Seven short days ago, few people had heard of James Damore. Now we can’t go back.
We must occupy the same world as his infamous memo, which criticized Google’s approach to creating a diverse workforce and argued that the gender gap in tech could be explained in part by biological differences between men and women. The memo, published by Gizmodo on August 6, has sparked heated conversations around the world for the past week, as colleagues, friends, and family everywhere debate the differences between men and women, and how those differences may or may not influence behavior.
The problem is that these debates are not always particularly productive or enlightening. A lot of neuroscience studies on gender over the past few decades have been overplayed or misinterpreted by the media. And certain contested ideas, such as the false notion that men are naturally more competitive, have been reported as fact—leaving most people unclear about what’s real and what’s been debunked.
And so, should you find yourself in a difficult conversation about science and gender, consider these tips from Christia Spears Brown, a professor of social and developmental psychology at University of Kentucky. Spears Brown has been patiently discussing sex-based biases for years. She specializes in gender and race and how our perceptions about social groups are molded by the groups we belong to, and has written a book, Parenting Beyond Pink and Blue, about how to talk your kids about gender. We asked how to do the same with adults. Here is her time-tested advice:
When it comes to gender, we all think we’re experts—because we all have personal experience to draw upon. “If this were a debate about astrophysics, people don’t know about it, so they kind of assume they have to listen to what the science says,” says Spears Brown, “but when it comes to gender, everyone has these really hard ideas about what men and women are like.”
It’s easier to keep your cool when you remember that we’re all products of the same gendered environment. No one chose to be raised in a culture that reinforces gender norms and shares junk science, shaped by researchers who were raised in that environment, too.
“Most of the time, people don’t intend to make a sexist comment,” says Spears Brown. “It’s so ingrained in us after so many days on the planet, that it comes from an unconscious level.”
Talking about the science of brains and behavior gets complicated for a few reasons. For example, it’s true that men, on average, have larger brains than women, but they also have larger bodies. And women, on average, have more grey matter than white matter relative to men. Scientists are not sure what these differences mean, if anything—but that has never stopped a good headline from finding its audience. “When a study comes out that says men and women differ in the size of their brain and you hear about it, you think it means something,” says Spears Brown.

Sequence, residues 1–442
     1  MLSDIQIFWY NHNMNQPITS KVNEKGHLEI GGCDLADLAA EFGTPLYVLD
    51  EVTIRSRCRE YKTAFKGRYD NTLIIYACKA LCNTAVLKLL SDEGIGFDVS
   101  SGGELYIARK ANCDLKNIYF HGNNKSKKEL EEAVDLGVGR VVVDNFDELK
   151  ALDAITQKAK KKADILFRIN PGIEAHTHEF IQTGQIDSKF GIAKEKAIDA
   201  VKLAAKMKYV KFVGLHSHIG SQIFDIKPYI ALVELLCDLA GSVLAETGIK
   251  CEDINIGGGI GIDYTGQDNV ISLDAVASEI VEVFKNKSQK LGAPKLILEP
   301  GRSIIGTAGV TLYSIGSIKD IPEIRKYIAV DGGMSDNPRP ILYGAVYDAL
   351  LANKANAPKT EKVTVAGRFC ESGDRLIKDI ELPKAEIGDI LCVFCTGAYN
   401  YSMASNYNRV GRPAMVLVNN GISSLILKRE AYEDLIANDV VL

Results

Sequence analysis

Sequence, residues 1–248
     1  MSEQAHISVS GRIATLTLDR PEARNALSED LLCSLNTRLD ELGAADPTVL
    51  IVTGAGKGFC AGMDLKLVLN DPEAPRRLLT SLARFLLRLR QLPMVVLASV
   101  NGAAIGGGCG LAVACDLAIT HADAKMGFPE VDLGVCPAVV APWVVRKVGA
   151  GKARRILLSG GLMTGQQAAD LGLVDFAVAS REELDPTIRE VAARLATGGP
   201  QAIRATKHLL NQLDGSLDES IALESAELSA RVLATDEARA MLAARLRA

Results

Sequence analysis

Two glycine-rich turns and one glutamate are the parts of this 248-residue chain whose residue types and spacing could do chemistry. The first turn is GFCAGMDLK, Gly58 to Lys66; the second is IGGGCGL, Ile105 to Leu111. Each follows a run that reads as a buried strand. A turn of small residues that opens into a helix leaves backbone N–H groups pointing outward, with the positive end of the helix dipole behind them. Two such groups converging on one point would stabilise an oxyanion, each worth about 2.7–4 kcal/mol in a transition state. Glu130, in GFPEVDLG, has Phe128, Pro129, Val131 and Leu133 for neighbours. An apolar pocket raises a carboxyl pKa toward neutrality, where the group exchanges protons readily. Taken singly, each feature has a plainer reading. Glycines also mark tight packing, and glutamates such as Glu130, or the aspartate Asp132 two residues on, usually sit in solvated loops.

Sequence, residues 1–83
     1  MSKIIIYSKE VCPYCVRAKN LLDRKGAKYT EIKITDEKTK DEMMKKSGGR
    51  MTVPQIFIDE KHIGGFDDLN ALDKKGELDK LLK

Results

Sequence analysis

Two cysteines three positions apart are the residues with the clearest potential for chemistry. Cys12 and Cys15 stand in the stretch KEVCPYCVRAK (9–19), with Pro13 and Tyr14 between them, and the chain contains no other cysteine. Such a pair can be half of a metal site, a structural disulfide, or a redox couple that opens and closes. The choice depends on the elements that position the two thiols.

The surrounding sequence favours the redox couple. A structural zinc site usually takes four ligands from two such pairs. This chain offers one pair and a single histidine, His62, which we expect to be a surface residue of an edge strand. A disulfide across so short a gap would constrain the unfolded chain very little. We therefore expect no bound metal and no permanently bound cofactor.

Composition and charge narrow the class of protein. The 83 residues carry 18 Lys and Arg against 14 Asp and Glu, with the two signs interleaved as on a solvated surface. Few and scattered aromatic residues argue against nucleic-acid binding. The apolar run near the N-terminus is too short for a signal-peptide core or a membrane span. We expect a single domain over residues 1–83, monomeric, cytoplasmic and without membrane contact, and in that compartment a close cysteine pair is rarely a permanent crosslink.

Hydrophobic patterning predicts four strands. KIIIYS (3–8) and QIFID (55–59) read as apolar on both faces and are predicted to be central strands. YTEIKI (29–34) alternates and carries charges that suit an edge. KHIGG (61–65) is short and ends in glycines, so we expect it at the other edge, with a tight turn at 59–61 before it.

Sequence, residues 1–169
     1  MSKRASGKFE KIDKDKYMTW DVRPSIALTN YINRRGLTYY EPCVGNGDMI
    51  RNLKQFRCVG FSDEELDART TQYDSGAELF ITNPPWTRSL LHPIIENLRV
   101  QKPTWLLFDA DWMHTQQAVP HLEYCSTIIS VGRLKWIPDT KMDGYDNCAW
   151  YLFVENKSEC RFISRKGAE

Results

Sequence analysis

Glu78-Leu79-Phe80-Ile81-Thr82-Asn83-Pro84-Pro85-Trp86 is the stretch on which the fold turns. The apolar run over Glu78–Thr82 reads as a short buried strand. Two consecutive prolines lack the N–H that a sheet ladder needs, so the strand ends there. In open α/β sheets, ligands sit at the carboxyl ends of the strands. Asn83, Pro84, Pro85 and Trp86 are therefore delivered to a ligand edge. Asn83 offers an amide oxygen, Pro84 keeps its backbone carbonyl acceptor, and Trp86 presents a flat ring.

For her, the most persuasive science on gender comes from Daphna Joel, a professor of psychology and neuroscience at Tel Aviv University in Israel. In a 2015 meta-analysis, published in PNAS, a journal of the Proceedings of the National Academy of Sciences, Joel and a team of scientists examined the magnetic resonance images of more than 1,400 brains from four data sets to determine whether differences in male and female brain structures suggested the two sexes fell into distinct groups. After measuring hundreds of different brain structures individually, she found that although some brains were characteristically more “male” than “female,” and some more “female” than “male,” only a tiny percentage of subjects (between 0% and 8%) had a wholly “male” or “female” brain. “Such a mosaic of features cannot be explained in purely biological terms; it is a measure of the effect of external factors,” Gina Rippon, a professor of cognitive neuroimaging at Aston University in the UK, explains in The Conversation.
In the same study, Joel and her team also looked at data measuring attitudes and personality traits related to things like weight loss, cosmetics, and playing video games in more than 5,000 young people from three data sets. Again, the majority of individuals represented a mosaic of such traits, and very few were found to be male or female in every way. Just because a woman is not aggressive doesn’t mean that she is uninterested in watching sports, for example. “The differences across individuals is much more different than across groups, so knowing that he’s a guy isn’t going to tell me much about how he’s going to behave,” says Spears Brown.
When someone accuses (or praises) another person for being a “such a guy,” or “a typical woman,” that’s a good opportunity to name individuals you both know who don’t fit that description, says Spears Brown. In fact, introducing cognitive dissonance is a classic strategy for coaxing adults to reject unquestioned assumptions.